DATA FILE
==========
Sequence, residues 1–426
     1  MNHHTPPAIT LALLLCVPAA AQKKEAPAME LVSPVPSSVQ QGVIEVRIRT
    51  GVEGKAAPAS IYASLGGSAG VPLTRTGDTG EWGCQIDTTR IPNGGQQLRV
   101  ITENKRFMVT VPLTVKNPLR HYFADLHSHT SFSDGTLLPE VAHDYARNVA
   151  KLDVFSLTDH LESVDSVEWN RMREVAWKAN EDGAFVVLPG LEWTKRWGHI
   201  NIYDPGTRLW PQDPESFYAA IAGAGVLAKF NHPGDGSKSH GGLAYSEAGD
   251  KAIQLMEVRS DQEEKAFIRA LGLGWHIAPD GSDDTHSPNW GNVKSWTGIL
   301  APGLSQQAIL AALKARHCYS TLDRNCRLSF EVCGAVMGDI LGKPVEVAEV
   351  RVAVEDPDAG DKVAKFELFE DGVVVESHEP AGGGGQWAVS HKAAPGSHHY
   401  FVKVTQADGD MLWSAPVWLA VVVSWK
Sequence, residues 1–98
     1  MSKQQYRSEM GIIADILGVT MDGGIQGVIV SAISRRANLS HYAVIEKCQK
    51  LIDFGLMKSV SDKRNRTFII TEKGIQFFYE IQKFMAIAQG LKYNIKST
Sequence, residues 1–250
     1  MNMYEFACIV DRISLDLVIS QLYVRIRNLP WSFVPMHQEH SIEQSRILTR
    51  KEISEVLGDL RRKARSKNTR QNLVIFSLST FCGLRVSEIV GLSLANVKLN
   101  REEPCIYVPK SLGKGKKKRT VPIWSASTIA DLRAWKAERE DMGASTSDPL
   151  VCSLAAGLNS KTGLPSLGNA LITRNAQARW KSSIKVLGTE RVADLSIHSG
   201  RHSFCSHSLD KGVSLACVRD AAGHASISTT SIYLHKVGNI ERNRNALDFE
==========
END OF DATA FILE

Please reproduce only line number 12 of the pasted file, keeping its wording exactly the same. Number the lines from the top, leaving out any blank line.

     1  MSKQQYRSEM GIIADILGVT MDGGIQGVIV SAISRRANLS HYAVIEKCQK